to do with Mother Earth: this is an Italian title in which gaia
means 'merry'; the notes imprudently translate it as 'Gay Symphony'.
This is equally misleading - the recent outbreak of the Second World
War was naturally on Riisager's mind and the work mines a sizeable
vein of irony. On the other hand, a sense of hope clearly predominates
and the work finishes on an emphatic upbeat. Written long after the
war had ended, Riisager's Sinfonia Serena was, regrettably,
his final utterance in the genre. Stylistically, the work pretty much
takes up where the Gaia had left off, although the scoring
is now for strings and timpani alone, and the atmosphere is darker
in places, at least in the central lamentoso movement.
The ASO are in fine form - there is some tremendous brass-playing
on the Summer Rhapsody, but the string sections too are worthy
of especial mention. Under Bo Holten they have emerged as compelling
advocates of Riisager's music.
As for previous volumes, the disc is embellished by good quality audio
and recorded exclusivity - all four works are, rather surprisingly,
receiving their first outing on disc. Though the accompanying booklet
notes are straight copies in part of the original Dausgaard disc,
they are still Dacapo's usual detailed, informative, broadly well
Contact at artmusicreviews.co.uk
And a second review ...
This release constitutes Volume Three of DaCapo’s ‘symphonic
edition’ of the works of Knudage Riisager. This has been slowly
appearing over the years - the first volume having been released two
Riisager is nowadays remembered (if at all) for his ballet music,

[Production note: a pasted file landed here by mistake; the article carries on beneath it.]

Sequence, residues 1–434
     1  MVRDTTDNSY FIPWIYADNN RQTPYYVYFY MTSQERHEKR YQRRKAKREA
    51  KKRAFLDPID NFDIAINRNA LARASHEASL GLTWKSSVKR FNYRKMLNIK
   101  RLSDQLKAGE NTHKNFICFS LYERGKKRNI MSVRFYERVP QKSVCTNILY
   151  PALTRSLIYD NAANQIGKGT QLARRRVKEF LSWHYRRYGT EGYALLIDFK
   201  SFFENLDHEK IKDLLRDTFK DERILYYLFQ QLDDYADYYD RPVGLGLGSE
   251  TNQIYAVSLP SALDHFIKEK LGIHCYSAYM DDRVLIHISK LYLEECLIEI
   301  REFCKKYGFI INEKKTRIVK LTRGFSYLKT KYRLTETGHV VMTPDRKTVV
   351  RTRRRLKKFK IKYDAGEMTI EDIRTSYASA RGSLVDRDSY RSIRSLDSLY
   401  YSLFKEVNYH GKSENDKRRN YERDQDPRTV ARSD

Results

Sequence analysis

and this volume completes the recordings of his symphonies, most of
which in this series receive their first performances since the time
of their original premières. The four works featured on this
final disc feature predominantly works in the neo-classical vein.
It is surprising to find such an ardent proponent of neo-classical
music being so dismissive of symphonic form.
The neo-classical style as espoused by the likes of Hindemith and
Stravinsky was probably the major force in classical music between
the two World Wars. It found many imitators; but, like the serial
movement that followed it, it also attracted many unimaginative composers
who found it all too easy to go through the motions demanded by the
style rather than be genuinely original. It has to be said that Sinfonia
concertante on this disc does sound very like a composer going
conscientiously through the motions. The music is determinedly lightweight,
with an occasional spicing of bitonality to add a succulent tinge
to the sound. The orchestration, one of Riisager’s main strengths
in his ballet music, is hardly given much opportunity to make an impression
in the determinedly spare scoring for strings.
Nor is the Fourth Symphony, subtitled ‘gay’, much